S. 6260(Libous)/A. 9153(Peralta)
Black Car Operators' Injury Fund
Summary: The bill clarifies existing law that workers' compensation benefits secured by
the New York Black Car Operators' Injury Compensation Fund, Inc. (the "Fund") pursuant to Executive Law Article 6-F is designed to only cover "black car" operators whose injuries arose out of and in the course of providing covered services while on a dispatch from a central dispatch facility. Specifics include:
- Executive Law § 160-cc(4) is amended to clarify that "covered services" occur only when a black car operator is on a dispatch from a central dispatch facility.
- A new Executive Law § 160-cc(6) is added to define the term "dispatch."
- Subdivision 3 of Workers' Compensation Law § 2 is amended to clarify that the Fund is the "employer" of a black car operator only while the car operator is providing covered services.
- Subdivision 4 of Workers' Compensation Law § 2 is amended to clarify that a black car operator is an "employee" of the Fund only while the car operator is providing covered services.
- Subdivision 5 of Workers' Compensation Law § 2 is amended to clarify that a black car operator is in the "employment" of the Fund only while the car operator is providing covered services.
- Workers' Compensation Law § 11 is amended to clarify that liability is limited to securing the payment of workers' compensation in accordance with Article 6-F of the Executive Law to a black car operator providing covered services, as defined in Article 6-F, whose injury arose out of and in the course of providing only covered services.
Effective Date: Immediately.
Last Action: Vetoed by the Governor on September 25, 2008 (Veto Memo #160).
VETO MESSAGE - No. 160
This bill addresses the scope of workers' compensation coverage provided to drivers of black cars through the New York Black Car Operators' Injury Compensation Fund, Inc. (the "Fund"). Under present law, the Fund acts as the employer of such drivers solely for purposes of workers' compensation coverage, provided the driver is engaged in "covered services" at the time he or she is injured.
Current law (as set forth in particular in the Appellate Division's Aminov decision) has allowed drivers to obtain workers' compensation coverage when they are driving and "logged into" the dispatch system. Supporters of the bill contend that this standard provides little guidance now that many drivers use other forms of remote communication devices to receive dispatches. Further, the present construction could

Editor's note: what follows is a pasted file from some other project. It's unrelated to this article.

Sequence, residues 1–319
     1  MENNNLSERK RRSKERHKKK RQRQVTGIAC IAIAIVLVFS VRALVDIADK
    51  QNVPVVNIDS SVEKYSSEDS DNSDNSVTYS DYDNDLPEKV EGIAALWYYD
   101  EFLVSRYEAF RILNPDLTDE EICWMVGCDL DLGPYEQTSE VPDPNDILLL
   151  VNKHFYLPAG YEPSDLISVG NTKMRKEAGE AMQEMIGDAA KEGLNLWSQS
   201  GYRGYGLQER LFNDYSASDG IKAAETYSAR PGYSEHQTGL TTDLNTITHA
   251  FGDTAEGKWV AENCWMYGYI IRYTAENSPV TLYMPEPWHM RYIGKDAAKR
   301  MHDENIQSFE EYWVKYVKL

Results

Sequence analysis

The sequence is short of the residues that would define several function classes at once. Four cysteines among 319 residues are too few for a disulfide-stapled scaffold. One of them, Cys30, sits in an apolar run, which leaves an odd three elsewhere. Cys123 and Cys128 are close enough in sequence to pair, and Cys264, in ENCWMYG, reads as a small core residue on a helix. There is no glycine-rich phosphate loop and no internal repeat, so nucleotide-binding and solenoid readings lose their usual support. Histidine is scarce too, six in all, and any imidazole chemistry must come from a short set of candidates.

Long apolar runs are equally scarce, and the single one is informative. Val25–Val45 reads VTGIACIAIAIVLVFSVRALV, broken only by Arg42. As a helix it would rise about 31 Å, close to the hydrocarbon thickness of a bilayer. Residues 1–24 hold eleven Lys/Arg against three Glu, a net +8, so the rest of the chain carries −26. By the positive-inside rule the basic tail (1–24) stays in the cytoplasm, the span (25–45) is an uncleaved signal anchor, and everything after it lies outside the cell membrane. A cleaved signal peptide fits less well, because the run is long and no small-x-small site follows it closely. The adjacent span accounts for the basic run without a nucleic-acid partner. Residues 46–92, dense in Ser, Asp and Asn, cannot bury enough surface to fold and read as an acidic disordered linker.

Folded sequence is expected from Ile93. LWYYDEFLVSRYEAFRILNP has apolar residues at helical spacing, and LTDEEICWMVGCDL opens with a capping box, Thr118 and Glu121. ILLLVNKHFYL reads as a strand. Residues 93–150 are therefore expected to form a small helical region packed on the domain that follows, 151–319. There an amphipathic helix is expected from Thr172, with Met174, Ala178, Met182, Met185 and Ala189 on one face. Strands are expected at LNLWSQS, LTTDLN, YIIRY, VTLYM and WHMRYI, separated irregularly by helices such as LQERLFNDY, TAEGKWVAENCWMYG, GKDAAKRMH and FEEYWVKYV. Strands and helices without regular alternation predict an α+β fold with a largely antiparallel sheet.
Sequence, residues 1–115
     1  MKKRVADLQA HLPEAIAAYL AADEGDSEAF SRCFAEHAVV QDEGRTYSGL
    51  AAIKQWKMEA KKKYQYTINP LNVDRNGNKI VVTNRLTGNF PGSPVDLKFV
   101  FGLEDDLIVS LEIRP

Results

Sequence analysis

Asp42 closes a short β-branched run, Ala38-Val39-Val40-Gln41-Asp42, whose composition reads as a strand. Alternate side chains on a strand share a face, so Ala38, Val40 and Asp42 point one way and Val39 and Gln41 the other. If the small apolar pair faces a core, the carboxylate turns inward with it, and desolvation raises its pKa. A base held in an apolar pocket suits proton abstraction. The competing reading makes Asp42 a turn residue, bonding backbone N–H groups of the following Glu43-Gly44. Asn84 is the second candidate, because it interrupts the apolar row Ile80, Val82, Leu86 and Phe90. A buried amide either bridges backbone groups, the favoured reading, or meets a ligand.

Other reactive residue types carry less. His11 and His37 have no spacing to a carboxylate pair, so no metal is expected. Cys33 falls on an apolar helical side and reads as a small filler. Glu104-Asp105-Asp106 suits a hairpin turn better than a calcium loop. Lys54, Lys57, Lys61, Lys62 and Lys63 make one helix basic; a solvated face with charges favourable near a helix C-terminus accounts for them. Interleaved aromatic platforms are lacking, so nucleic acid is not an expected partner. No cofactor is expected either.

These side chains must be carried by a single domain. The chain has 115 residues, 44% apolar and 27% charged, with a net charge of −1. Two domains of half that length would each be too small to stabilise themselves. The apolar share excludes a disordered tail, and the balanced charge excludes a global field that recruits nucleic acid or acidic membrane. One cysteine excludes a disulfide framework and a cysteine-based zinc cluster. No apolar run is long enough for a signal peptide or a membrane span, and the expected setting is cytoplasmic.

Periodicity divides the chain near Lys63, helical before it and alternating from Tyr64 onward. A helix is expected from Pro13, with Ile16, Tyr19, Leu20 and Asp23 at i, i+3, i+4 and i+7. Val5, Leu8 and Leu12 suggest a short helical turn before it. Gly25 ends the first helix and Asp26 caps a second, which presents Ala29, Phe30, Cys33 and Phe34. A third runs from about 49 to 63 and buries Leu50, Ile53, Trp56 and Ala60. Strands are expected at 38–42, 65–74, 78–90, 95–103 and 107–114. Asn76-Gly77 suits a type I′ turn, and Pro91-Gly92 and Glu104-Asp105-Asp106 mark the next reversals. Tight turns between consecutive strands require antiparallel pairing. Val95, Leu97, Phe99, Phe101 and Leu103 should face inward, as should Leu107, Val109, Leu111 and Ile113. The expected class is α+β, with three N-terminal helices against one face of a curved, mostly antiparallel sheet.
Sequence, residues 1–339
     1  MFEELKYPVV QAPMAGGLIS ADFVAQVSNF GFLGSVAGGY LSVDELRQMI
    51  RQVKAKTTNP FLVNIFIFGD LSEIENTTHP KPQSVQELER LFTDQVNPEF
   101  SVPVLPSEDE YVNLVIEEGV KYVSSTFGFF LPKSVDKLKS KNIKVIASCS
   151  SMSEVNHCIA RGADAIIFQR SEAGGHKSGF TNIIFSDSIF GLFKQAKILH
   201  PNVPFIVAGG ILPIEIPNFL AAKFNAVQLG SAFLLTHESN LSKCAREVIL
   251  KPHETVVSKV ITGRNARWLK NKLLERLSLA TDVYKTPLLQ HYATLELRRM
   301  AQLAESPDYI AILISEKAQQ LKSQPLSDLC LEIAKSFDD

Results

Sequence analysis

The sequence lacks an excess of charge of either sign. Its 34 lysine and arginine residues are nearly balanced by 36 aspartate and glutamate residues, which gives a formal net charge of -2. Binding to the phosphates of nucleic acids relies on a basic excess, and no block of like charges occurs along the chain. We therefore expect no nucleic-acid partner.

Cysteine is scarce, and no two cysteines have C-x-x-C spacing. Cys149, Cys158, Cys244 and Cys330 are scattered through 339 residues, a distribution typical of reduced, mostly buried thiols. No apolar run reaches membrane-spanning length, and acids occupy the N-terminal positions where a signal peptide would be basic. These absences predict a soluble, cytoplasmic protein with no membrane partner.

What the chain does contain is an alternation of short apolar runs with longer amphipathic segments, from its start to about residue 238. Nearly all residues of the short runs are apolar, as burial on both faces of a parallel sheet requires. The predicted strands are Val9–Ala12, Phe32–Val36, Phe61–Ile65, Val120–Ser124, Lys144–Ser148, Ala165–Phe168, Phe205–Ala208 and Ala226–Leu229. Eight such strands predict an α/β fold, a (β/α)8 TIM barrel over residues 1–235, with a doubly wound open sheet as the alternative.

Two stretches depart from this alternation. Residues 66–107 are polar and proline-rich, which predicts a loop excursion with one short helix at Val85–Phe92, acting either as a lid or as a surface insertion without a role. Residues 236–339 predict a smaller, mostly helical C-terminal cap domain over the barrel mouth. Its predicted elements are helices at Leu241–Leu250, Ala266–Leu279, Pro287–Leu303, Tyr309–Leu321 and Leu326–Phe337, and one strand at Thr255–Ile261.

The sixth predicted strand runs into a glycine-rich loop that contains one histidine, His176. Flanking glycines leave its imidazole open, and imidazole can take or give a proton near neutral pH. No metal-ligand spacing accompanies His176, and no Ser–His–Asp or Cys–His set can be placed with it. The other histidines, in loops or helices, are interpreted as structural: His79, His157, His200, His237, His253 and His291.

be read to allow for coverage when, for example, drivers use their cars (which they own privately) to do personal errands. For that reason, the sponsors would limit workers' compensation coverage to actions in the course of picking up, transporting or discharging a passenger or item at the direction of a central dispatch facility, or as otherwise set by regulation of the Department of State "proposed" by the Fund's board of directors.
I appreciate the sponsors' desire to provide a clear line as to when workers' compensation benefits attach for black car drivers. I note, though, that while one may argue that present law casts too broad a net, under this bill coverage would be too narrow. For example, if this legislation were enacted, a driver injured while in his or her car, with no other purpose but to await the next dispatch, will not be entitled to workers' compensation benefits. While there is no easy way to determine a driver's purpose in any particular circumstance, I believe the remedial goals of the workers' compensation system require some erring on the side of providing coverage.
Further, I am deeply concerned about the practical impact of this bill. In essence, it would transfer claims from a stable Fund that can fully pass on all its costs to its customers, to a no-fault system where a very limited number of carriers covers the risks at issue. The upshot would be to lessen drivers' coverage and increase no-fault rates. While I respect the concerns raised by the sponsors of the impact of the Aminov decision on the Fund, I note that the decision was issued nearly five years ago, and the black car industry has been able to function under its standards since then.
Finally, limiting the Department of State's ability to issue regulations to those drafted at the behest of the Fund would grant veto power over state regulation to an entity controlled by the trade association of the regulated industry. I believe it would be both unprecedented and unwise to grant such regulatory authority to a party with a clear financial stake in the resulting regulations. I also believe that regulations governing the degree of coverage to be provided by the Fund should properly fall within the purview of the Workers' Compensation Board.
The bill is disapproved. (signed) DAVID A. PATERSON